In recent years, it has become painfully clear that most non-surgical interventions against being overweight/obese are ineffective. Extensive clinical trials show that the vast majority of people who undertake to lose weight initially lose substantial amounts, but they gain it back again (and some more) within three to five years. Over 95% of motivated patients cannot keep off significant amounts of weight loss.
A recent NYT article paints a vivid picture of people struggling with weight. Winners of the reality TV show “The Biggest Loser” lost hundreds of pounds, but almost all of them gained them back shortly after the show ended. The article is written in a voice that expresses an unsettling Cartesian disconnect between the obese body and the person who strives to be thin: “As long as you are below your initial weight, your body is going to try to get you back.” and, “dieters are at the mercy of their own bodies, which muster hormones and an altered metabolic rate to pull them back to their old weights”. Some former contenders in the show had a slowed basal metabolic rate, which led them to require 800 calories less than someone of their stature would normally need to consume.
A study in the 1990s looked at people who successfully lost weight through bariatric surgery (the only intervention that seems to have decent success rates in the medical fight against obesity). The abstract reads
Patients (n = 47) who lost 45 kg (100 lb) or more and who successfully maintained weight loss for at least three years following gastric restrictive surgery for morbid obesity viewed their previous morbidly obese state as having been extremely distressful. In spite of the strong proclivity for people to evaluate their own worst handicap as less disabling than other handicaps, patients said they would prefer to be normal weight with a major handicap (deaf, dyslexic, diabetic, legally blind, very bad acne, heart disease, one leg amputated) than to be morbidly obese. All patients said they would rather be normal weight than a morbidly obese multi-millionaire.
What are we to make of this? Is being obese worse than a major disability?
It is difficult to assess for the formerly morbidly obese people in the study I just cited whether they’d be adjusting well to a disability such as blindness. Not everyone adjusts well to disability, as advocates of the mere-difference view agree. But they remember vividly the social stigma of being morbidly obese. Thus perhaps these patients underestimate the social stigma of having a major disability, preferring that to going back to the distressful state of being overweight.
The view that obesity could be a mere difference, like hair color, gender, or sexuality is not popular in the medical world. Ever since the medical community in the 1950s started medicalising obesity, measuring it, offering advice on how to stop it, they have (1) spectacularly failed to stem the tide of increasing obesity in most western countries, especially the US and (2) failed to provide unequivocal evidence that being obese always constitutes a harm.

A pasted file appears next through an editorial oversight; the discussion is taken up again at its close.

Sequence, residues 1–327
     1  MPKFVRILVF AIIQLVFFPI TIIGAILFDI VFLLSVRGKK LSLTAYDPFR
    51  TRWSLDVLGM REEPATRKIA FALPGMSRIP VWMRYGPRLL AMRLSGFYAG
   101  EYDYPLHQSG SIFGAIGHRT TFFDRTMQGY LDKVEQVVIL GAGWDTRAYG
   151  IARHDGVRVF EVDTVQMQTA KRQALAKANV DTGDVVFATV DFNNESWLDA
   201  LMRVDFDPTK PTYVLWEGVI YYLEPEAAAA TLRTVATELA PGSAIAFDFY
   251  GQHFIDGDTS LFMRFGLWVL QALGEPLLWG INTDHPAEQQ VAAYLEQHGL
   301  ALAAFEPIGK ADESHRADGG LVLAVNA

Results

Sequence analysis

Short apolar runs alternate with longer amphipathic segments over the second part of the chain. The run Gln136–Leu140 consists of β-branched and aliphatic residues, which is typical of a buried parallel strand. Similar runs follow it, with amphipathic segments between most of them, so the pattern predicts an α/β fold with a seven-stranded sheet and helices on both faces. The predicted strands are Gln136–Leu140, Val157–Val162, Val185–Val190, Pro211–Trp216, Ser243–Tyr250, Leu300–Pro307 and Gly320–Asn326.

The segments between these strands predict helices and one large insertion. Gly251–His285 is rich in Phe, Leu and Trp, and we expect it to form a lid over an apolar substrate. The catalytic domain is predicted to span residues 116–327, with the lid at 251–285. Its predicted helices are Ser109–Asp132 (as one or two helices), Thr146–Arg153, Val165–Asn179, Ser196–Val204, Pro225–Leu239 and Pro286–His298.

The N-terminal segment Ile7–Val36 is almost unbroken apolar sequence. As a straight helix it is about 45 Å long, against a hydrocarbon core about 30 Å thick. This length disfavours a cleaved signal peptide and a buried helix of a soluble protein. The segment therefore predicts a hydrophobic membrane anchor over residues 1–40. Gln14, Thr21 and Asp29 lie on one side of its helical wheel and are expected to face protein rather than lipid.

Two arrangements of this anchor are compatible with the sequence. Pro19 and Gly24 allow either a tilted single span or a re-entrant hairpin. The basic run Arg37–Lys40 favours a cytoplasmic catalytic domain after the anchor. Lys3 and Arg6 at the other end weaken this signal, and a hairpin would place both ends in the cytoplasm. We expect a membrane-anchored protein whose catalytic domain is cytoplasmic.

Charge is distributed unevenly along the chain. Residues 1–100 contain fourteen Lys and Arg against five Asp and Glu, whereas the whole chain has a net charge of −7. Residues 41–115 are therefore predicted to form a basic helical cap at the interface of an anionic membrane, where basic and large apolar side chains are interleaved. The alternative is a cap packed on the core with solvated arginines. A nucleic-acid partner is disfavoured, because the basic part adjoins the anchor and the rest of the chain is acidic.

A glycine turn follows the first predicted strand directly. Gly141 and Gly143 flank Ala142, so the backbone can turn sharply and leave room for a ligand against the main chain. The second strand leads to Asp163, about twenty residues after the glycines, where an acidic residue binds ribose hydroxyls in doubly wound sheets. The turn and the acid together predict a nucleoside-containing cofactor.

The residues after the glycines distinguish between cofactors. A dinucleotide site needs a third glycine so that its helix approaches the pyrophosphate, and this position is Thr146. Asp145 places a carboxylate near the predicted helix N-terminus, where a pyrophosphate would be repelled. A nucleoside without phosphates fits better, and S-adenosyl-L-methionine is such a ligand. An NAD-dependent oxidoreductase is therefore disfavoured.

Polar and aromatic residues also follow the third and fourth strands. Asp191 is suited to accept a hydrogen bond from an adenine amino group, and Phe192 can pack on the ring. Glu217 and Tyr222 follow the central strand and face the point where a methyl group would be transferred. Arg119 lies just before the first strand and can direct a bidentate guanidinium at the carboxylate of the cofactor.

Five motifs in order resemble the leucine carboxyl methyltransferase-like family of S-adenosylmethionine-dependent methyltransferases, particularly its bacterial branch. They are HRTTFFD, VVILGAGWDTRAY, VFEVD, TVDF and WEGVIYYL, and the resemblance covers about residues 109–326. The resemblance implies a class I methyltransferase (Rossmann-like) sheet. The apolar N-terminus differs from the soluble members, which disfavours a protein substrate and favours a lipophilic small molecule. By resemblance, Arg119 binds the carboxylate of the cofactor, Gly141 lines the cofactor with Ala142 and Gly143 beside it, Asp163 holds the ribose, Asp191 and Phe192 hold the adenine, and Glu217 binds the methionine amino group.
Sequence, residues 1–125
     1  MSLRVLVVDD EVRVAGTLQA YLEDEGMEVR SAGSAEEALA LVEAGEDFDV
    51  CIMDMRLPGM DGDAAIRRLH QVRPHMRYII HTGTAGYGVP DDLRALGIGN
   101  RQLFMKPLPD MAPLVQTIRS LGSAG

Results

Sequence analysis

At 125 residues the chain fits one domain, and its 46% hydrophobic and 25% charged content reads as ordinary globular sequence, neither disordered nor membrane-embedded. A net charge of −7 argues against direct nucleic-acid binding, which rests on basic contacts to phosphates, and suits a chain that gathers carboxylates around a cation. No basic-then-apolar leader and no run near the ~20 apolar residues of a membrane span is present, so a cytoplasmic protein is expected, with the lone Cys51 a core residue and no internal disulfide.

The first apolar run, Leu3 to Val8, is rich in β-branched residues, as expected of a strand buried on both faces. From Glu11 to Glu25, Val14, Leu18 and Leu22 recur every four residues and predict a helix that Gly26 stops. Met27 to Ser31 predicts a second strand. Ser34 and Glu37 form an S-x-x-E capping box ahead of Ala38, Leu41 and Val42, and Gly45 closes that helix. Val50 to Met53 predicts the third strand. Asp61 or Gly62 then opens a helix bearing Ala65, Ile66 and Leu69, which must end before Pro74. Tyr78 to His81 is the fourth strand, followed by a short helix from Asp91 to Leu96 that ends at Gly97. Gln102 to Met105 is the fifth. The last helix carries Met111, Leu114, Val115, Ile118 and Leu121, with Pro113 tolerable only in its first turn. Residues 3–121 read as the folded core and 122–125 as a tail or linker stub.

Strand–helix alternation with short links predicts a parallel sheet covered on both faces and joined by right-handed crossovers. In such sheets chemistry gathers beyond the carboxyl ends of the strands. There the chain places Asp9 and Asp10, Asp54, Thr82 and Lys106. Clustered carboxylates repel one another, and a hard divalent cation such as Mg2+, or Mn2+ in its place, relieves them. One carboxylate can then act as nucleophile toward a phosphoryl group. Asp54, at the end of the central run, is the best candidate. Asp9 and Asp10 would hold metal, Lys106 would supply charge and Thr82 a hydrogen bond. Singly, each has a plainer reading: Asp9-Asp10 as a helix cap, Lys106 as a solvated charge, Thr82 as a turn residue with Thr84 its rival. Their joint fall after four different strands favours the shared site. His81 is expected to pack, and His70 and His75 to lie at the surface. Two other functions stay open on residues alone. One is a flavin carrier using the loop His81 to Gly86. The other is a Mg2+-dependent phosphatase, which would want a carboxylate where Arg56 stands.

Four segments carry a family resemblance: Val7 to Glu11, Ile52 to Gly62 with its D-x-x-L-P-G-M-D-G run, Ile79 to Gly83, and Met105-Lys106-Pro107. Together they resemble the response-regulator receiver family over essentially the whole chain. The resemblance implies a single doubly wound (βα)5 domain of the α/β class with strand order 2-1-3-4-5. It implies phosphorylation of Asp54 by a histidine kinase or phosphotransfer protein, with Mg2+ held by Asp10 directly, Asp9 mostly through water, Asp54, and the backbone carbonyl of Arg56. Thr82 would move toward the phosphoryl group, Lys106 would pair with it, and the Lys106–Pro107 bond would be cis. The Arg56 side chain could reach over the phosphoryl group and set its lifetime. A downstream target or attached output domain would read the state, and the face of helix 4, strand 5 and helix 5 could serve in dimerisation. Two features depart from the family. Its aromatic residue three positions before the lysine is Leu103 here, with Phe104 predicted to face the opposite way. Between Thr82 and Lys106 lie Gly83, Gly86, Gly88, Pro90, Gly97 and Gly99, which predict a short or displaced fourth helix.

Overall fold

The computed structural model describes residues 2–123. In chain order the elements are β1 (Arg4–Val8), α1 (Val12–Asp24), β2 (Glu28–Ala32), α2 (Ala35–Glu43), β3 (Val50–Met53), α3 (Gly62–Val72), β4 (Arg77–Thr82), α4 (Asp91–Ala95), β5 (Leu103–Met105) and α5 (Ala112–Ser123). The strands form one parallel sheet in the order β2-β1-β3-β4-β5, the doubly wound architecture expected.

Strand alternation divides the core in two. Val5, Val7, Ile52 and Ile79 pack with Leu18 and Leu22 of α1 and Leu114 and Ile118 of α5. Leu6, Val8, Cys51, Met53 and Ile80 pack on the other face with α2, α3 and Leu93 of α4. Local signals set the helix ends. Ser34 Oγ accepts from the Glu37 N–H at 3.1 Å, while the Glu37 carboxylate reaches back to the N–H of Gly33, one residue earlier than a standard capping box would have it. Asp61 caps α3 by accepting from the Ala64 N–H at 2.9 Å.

On the mere-difference view of obesity, the harms of being obese are mainly social harms and if society were fully accommodating and non-prejudiced, the people in this study, or the winners from the Biggest Loser, would not dread to go back to their previous weight. Imagine a society where obese people were not discriminated against for jobs, where they could be regarded as truly physically attractive, where they could run and work out without having to worry about being stared at, wear a bikini, or eat a burger in public without being judged.
It is time to regard being obese as a mere-difference, just like gender, sexuality, hair color and the like: a stable characteristic of someone’s physical and mental make-up. In the past, and in conservative Christian and Mormon communities still today, there are so-called medical interventions to try to alter gay people’s sexual orientation, or to try to turn transgender kids into cisgender kids. It has become obvious that these interventions do not work, and people have rightly pointed out that the existence of such interventions is harmful as it leads to stigmatising gay and transgender people, or viewing their characteristics as something to be cured. Similarly, there’s overwhelming evidence that being obese cannot be cured through non-surgical interventions. Even bariatric surgery does not guarantee success and is risky.
Is obesity a mere difference (would it still be bad if we could take away the social stigma) or is it a bad difference, i.e., inherently reducing people's wellbeing? Studies have struggled to tease apart correlation and causation. Perhaps whatever stressors that cause people to become overweight, such as limited ability to exercise, limited exposure to green space, an unhealthy and unvaried diet cause both obesity and its associated ill health effects such as high blood pressure and heart disease. Moreover, some studies suggest a protective effect of being overweight/obese and recovery from stroke and other ailments (an effect that has refused to go away in spite of it running counter to the dominant medical narrative, hence called the obesity paradox). Obese people receive poorer medical care as a result of prejudice, which again makes it unclear if they are inherently worse off, health-wise.
Regarding being obese not as something to be cured, something that requires tough love, or a tragedy, but just a personal characteristic that is stable can be liberating. We can rejoice that exercising improves health and wellbeing in people of all sizes and shapes, for instance, rather than saying that you can’t exercise off a bad diet.